NASA’s Cassini Spacecraft Soon To Commit Suicide By Plunging On Saturn

The last few days of Cassini’s life will allow scientists to understand Saturn from the inside out.

NASA, JPL, Saturn, Rings of Saturn, Moon, Earth, Space, Cassini, Spacecraft, Titan, death, jump, plunge

After orbiting and exploring the Saturn for nearly 13 years, NASA’s Cassini Spacecraft is less than three weeks away from committing suicide by plunging into the planet it has been documenting for more than a decade.

The Cassini spacecraft which was launched 20 years ago, took about seven years to make it to Saturn’s orbit. Ever since its launch in 1997, Cassini has never failed to deliver what was expected of it. Since 2004, it has completed more than 290 orbits of the planet, delivering thousands of stunning images and making a plethora of new discoveries about Saturn, its rings, and its moons.

On September 15th, early in the morning, the spacecraft will die by hurling itself into Saturn’s atmosphere at a speed of more than 75,000 mph. After plunging into Saturn’s atmosphere, within three minutes, the spacecraft will be torn apart and then it will melt and vaporize.

“I like to say it's going out in a blaze of glory,” said Linda Spilker of the Jet Propulsion Laboratory, the project scientist for the mission. “It will be trailblazing until the very last second.”

Source: jpl.nasa

However, before plunging to death, the Cassini will complete one final mission which was started in April, this year. The spacecraft will venture deep into Saturn’s atmosphere than ever before, collecting brand new data and beaming it back to the Earth. After doing a close flyby of Titan, one of Saturn’s moons, Cassini will complete a series of weekly dives between Saturn and its rings.

According to Spilker, the last few days of Cassini’s life will allow scientists to understand Saturn from the inside out. This will include obtaining more information on the composition of Saturn’s atmosphere, the interior of the planet and the age and size of its rings.

Source: jpl.nasa

Over the last 13 years, documenting Saturn, Cassini has discovered a plethora of new information. It has discovered plumes of water ice on the moon Enceladus that confirmed the presence of methane and ethane lakes and rivers of water on Titan. These discoveries have shown scientists “how prevalent and common life beyond Earth may truly be,” said Curt Niebur, a Cassini program scientist. 

Researchers controlling the spacecraft have watched through Cassini how the seasons change on Saturn, witnessed a massive storm on the planet, discovered six new moons and also revealed complexities in the planet’s rings that had never been seen before and that its rings are slightly less massive than expected.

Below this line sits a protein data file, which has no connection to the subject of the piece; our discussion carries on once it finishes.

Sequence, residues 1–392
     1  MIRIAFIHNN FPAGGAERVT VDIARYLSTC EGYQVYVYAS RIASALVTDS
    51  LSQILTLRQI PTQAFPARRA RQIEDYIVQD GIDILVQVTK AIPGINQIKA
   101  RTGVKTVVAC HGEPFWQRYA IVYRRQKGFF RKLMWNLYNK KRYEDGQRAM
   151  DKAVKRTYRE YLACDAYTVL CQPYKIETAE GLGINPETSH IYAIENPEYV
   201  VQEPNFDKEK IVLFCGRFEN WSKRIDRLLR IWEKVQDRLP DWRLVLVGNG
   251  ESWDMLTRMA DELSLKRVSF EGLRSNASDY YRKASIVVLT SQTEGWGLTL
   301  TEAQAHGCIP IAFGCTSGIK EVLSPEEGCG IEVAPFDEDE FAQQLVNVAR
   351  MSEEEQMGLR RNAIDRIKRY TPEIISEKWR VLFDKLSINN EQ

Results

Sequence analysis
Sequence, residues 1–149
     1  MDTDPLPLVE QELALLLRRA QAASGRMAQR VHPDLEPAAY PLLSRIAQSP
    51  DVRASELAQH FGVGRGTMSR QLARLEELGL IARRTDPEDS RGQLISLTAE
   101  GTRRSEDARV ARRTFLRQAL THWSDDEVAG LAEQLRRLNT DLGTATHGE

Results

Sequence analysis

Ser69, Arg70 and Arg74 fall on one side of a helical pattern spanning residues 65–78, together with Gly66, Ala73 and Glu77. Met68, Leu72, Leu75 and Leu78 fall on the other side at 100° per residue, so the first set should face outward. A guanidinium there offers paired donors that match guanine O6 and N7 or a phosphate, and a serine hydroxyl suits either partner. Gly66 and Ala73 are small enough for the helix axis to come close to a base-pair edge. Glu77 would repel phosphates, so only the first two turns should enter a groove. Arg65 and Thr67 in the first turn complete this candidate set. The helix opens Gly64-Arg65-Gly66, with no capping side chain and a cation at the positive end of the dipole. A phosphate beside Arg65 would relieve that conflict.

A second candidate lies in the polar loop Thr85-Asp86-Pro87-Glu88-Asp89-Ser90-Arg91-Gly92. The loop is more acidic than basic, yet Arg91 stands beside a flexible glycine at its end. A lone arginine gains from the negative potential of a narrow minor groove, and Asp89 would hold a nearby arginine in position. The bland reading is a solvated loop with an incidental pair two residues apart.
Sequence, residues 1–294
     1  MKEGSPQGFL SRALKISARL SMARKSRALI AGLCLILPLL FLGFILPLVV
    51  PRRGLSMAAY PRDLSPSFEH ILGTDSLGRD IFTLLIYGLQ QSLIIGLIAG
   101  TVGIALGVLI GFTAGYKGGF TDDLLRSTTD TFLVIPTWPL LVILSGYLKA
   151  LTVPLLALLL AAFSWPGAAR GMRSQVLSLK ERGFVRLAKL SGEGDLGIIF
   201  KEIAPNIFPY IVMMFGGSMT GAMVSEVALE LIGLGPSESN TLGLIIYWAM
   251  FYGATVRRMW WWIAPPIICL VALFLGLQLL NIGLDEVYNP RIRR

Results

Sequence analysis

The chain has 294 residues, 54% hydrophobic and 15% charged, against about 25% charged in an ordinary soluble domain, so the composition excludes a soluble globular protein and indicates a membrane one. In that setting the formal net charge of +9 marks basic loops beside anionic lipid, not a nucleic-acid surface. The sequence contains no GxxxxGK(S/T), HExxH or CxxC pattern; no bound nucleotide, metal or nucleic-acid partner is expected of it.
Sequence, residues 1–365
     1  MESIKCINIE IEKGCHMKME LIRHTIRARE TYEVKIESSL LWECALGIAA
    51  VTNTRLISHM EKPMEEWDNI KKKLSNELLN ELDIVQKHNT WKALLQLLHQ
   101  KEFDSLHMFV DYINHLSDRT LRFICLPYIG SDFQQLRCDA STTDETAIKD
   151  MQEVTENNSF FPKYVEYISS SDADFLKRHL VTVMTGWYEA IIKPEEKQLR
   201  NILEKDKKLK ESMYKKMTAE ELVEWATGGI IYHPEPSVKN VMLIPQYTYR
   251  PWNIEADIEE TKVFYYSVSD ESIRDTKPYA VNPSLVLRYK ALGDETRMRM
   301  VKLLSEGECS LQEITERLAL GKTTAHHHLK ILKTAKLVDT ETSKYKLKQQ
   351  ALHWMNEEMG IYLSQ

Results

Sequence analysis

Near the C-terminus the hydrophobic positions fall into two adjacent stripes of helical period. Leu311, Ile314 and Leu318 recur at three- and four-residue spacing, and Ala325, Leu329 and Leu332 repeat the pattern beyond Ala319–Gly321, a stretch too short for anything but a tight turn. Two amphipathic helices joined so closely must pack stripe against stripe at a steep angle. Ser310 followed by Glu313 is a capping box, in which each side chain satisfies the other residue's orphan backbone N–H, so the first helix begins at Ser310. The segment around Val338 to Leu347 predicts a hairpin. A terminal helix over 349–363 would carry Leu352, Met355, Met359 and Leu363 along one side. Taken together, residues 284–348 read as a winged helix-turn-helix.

Source: jpl.nasa

Although the spacecraft’s instruments continue to work flawlessly, its gas tank is running out of rocket fuel and this will forbid the researchers from being able to control where the spacecraft goes. The mission planners decided to crash Cassini into Saturn to avoid any risk of contaminating Enceladus and Titan, as it was revealed through Cassini’s findings that the two of Saturn’s moons could harbour the ingredients necessary for life and NASA wants to avoid the potential situation where the spacecraft collides with the moon, hindering the future search for life there. That’s why NASA has decided to plunge Cassini safely on Saturn.

“Who knows what new mysteries the next two weeks will bring,” Spilker said.

The mission team at NASA have also released a video that shows actual imagery sent over the course of the mission. Check out the video:


Title image: redd

Like our facebook page to stay updated. You can also download Reacho app on Android or iOS to get interesting stories at your fingertips.

News Entertainment Food Travel World Events Nagpur Pune Reacho

himanshu pitale (WRITER)

An ardent music enthusiast, a true idealist and an INFP. Loves to play football and volleyball. Enjoys watching TV series and movies, irrespective of their genre. Obsessed with role-playing games. Believes in ‘live-and-let live’. Fascinated by the mysteries of the unknown. More of a ‘try me’ than a ‘why me’ kind.